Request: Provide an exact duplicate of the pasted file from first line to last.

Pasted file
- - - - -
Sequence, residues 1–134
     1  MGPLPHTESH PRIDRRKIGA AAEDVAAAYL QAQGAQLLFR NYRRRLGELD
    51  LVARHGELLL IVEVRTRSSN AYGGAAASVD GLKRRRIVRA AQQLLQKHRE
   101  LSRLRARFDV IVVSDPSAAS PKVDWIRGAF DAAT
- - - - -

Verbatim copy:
Sequence, residues 1–134
     1  MGPLPHTESH PRIDRRKIGA AAEDVAAAYL QAQGAQLLFR NYRRRLGELD
    51  LVARHGELLL IVEVRTRSSN AYGGAAASVD GLKRRRIVRA AQQLLQKHRE
   101  LSRLRARFDV IVVSDPSAAS PKVDWIRGAF DAAT